Swing is the replacement for AWT. It is a very clean design,
based on well known design patterns, such as Observer.
At root it is a set of components.
We focus on showing you the underlying mechanisms — this deeper insight makes
it far simpler to work with the whole collection of Swing components.
Duration: 2 days
- learn the fundamental mechanics of Swing components
- practice working with the essential elements such as layout, widgets, and events
- understand the patterns that Swing is based on
- review the more complex aspects of designing a user interface,
e.g. optimization with threads, and meta-programming
- try out some of the harder Swing components, such as JTree
The course is suitable for Java developers.
Ideally this training should be preceded by the course:
design and develop applications with Java.
- using JFrame and widgets
Simple user input
- button handling
- menu handling
- mouse handling and popup menus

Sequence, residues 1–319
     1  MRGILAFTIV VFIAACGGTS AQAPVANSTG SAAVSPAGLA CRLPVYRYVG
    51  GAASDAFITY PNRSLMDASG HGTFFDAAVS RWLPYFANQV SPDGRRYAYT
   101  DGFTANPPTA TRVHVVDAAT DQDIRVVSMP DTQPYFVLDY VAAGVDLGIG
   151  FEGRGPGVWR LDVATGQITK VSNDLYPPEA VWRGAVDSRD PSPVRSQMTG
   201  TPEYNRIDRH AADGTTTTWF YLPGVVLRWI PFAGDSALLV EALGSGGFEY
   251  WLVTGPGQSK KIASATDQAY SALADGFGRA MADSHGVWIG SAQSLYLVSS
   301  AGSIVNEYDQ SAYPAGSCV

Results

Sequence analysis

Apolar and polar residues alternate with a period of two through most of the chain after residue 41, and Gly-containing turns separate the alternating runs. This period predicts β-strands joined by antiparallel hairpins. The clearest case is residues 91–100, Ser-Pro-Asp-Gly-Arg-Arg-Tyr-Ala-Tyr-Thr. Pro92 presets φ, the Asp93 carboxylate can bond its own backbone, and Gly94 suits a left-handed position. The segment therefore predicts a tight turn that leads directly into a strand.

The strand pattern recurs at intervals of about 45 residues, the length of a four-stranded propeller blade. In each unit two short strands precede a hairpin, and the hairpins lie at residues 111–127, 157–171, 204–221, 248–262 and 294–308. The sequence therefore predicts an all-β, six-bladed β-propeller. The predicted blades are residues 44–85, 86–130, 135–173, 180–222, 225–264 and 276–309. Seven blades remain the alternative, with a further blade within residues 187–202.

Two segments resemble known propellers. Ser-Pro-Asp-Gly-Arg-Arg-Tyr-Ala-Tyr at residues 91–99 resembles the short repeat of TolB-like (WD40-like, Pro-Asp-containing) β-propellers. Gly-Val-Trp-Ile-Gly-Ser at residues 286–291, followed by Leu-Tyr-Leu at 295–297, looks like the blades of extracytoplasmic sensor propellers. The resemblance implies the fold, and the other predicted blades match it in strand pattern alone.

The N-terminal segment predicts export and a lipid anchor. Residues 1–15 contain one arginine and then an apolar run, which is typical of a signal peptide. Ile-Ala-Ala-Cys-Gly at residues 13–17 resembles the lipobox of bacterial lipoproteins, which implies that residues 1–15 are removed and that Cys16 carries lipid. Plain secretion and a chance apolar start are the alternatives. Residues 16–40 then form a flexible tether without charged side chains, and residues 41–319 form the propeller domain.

- widgets with simple state
- radio buttons and check boxes
- widgets with complex models
- decorator patterns to filter tables
- GridBag layout
- dialogs and JOptionPane
- mnemonics and accelerators
Event handling in Swing
- event-handling basics
- Java event listeners
- listeners supported by Swing components
- common events
- listener API
- event-handling for each Swing component
Threads in Swing
- Java threads and the differences in Swing
- thread theory: philosophers at lunch
- Runnable interface and the Thread class
- critical sections, locks, synchronization
- GUI optimization
- review of time-consuming tasks
- optimize event-dispatching
- repeat operations
- waiting for messages
Patterns in Swing
- MVC(Model View Controller)
- Observer (Publish/Subscribe)
- Interface Decoupling
A review of dynamic programming with Swing components.
Please note, when taught at your site, this course is customizable. Modules can be adapted, removed, added from other courses, or even created.
The course is extremely practical, developed and taught by consultants
with at least ten years' experience in software design.